London is gearing up for the Olympic Games, which open in just three weeks. As the capital prepares for a flood of visitors, its businesses are preparing new working practices to help alleviate transport congestion and keep things running smoothly.
Transport in London can be slow and tedious at the best of times, so it’s no wonder that many of the capital’s business managers are worried about keeping their business ticking over during the Olympic Games this summer.
The UK government has already been encouraging civil servants and businesses in the city to implement flexible and remote working practices to alleviate congestion on London’s transport network, and ensure that business in the capital doesn’t grind to a halt during the Games. The government’s remote working initiative produced newspapers headlines, with the Daily Mail declaring that civil servants are getting a “gold medal for skiving”.
This week London mayor Boris Johnson went further in saying “We all know that [home working] is basically sitting wondering whether to go down to the fridge to hack off that bit of cheese before checking your emails again" despite Transport for London recommending London’s businesses to put remote working plans in place to combat extended journey times during the games. The Get Ahead of the Games site has been developed by Transport for London on behalf of the Olympic Delivery Authority, London 2012, the Department for Transport, the Highways Agency, National Rail and the Mayor of London to help individuals and businesses check journey times and plan ahead.
Remote Worker Management
So many business owners and managers are asking themselves how to implement remote working practices without it negatively impacting productivity or profitability. Managing a remote or mobile workforce requires some thought, but with the increasing adoption of smartphones and mobile Internet devices it is actually becoming easier. A growing number of professionals have personal smartphones, palmtops, laptops and tablet devices which can help them to access work emails and access important data from wherever they choose to work. Some employers provide smartphones and mobile devices, but many professionals would actually prefer to use their personal devices anyway.
Managers need to ensure that remote workers have access to all the data and files which they need in order to do their job. This could involve sharing documents across Google Drive or other cloud services, or installing VPN services on worker’s personal machines. Allowing them to access centralised data rather than creating a personal copy for them will mean that documents are updated in real time, with all employees accessing the same files.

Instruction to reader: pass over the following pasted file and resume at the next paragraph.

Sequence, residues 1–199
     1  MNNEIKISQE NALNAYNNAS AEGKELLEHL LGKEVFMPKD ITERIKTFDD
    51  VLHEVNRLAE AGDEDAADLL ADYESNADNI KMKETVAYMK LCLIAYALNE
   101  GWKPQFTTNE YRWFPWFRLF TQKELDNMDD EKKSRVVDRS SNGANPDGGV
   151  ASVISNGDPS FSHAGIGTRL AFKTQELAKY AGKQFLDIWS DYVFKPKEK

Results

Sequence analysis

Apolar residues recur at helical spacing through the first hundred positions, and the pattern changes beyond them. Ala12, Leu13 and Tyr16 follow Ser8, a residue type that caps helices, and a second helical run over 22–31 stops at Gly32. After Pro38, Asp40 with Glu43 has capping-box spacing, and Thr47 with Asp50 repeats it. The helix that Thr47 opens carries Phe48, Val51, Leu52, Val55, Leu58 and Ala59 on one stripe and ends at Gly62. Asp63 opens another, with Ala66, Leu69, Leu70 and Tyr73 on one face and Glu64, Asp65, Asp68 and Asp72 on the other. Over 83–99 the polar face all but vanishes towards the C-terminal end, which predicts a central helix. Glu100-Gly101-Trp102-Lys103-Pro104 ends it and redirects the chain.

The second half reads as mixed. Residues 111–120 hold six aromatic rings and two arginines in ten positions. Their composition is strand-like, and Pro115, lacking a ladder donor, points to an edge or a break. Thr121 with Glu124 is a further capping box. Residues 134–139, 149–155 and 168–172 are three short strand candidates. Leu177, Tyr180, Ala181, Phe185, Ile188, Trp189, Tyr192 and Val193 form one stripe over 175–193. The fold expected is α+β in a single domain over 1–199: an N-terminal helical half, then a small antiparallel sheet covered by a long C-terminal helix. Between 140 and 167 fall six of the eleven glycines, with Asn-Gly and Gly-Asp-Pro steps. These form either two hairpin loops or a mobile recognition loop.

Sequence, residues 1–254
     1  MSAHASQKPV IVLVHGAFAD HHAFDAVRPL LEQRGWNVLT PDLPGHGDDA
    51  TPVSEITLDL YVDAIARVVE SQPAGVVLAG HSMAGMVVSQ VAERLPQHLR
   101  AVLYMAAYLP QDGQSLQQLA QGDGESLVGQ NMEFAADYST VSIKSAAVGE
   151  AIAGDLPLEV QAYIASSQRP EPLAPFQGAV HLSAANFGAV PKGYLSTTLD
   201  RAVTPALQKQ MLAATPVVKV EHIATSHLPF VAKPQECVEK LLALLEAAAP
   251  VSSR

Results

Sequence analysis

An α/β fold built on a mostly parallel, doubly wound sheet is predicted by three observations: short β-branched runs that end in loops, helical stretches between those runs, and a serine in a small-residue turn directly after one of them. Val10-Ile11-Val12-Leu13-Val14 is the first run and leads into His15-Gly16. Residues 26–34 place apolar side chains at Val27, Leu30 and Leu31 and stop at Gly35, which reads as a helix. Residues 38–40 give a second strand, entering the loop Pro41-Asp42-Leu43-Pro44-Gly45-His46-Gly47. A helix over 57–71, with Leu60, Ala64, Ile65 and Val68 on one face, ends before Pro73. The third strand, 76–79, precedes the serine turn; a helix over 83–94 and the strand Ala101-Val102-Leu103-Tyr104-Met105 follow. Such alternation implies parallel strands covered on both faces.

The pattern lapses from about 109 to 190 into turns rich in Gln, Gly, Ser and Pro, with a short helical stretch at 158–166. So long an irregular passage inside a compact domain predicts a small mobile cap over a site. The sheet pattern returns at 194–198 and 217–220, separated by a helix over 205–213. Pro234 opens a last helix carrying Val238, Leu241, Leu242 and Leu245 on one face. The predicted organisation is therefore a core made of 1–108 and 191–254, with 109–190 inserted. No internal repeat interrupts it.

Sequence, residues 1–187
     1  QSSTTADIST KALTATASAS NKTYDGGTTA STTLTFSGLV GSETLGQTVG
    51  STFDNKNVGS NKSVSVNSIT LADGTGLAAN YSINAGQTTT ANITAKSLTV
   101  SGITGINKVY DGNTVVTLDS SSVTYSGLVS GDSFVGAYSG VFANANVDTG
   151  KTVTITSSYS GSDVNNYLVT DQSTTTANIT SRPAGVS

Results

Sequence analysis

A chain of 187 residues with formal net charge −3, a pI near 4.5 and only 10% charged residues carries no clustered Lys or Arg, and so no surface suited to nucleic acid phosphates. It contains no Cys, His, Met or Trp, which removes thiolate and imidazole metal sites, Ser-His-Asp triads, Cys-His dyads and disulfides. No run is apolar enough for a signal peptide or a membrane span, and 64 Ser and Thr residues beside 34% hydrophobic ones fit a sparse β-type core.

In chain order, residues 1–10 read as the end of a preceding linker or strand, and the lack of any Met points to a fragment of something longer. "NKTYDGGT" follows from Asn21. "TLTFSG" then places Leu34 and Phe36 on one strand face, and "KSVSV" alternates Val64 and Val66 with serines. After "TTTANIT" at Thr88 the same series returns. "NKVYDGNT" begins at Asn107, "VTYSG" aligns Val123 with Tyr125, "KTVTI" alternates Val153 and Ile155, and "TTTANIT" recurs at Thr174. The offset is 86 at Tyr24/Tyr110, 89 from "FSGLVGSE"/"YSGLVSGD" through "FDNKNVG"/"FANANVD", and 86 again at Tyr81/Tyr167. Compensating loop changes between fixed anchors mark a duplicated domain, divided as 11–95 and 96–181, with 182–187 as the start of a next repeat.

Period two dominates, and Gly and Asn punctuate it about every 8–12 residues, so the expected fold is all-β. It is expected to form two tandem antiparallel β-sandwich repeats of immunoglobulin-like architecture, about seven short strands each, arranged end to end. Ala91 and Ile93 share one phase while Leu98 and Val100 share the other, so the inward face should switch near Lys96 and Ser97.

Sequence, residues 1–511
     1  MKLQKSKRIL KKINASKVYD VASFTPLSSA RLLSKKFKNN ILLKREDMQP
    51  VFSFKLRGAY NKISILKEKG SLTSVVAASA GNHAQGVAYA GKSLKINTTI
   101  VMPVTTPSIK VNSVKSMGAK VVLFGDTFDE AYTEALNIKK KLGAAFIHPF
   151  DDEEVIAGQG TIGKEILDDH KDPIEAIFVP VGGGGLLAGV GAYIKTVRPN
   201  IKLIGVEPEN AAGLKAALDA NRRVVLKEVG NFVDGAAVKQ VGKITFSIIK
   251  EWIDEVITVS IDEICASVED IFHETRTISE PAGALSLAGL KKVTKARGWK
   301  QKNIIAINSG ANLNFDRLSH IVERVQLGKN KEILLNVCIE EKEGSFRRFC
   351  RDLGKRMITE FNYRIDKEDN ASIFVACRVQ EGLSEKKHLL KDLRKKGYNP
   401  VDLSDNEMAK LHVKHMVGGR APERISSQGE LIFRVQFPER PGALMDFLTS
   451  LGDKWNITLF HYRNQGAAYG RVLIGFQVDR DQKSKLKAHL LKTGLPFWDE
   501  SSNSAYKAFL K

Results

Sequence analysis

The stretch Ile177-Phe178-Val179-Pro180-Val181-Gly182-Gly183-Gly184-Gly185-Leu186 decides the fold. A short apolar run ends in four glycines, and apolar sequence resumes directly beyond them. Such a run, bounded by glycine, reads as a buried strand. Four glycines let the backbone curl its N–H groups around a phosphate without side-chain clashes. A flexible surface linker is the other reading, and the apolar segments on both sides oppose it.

One of the biggest obstacles companies will face in implementing remote working is filling the customer service gap. Calls can be re-routed to employee’s home addresses but this doesn’t ensure that the call is answered. Businesses can’t allow their customer service to suffer as a result of implementing these practices, so it’s important to ensure that there is always somebody available to talk to customers when they call.
Some businesses resist the urge to invest in a call answering service, as simply being forwarded calls or answer machine messages is something which many telephones can handle all on their own. What they don’t realise is that virtual receptionists have more to offer than simply call forwarding and answer machine services. A recent study by CSnotepad found that 61% of business managers in the UK were unaware of the services offered by virtual receptionists. This can include order taking, diary organisation and more.
It’s important to get telephone answering right, as it’s still the main source of customer service enquiry in the UK, receiving 37% of customer service communications, and a Natterbox survey recently revealed that 6 in 10 UK consumers had cancelled some sort of paid service because of poor telephone experience.
This summer could be a testing time for London’s businesses. With the London Mayor and Transport for London issuing contradictory advice to business managers in the capital, it’s up to business themselves to work out how to keep things moving during the Games.
This opinion article was written by an independent writer. The opinions and views expressed herein are those of the author and are not necessarily intended to reflect those of DigitalJournal.com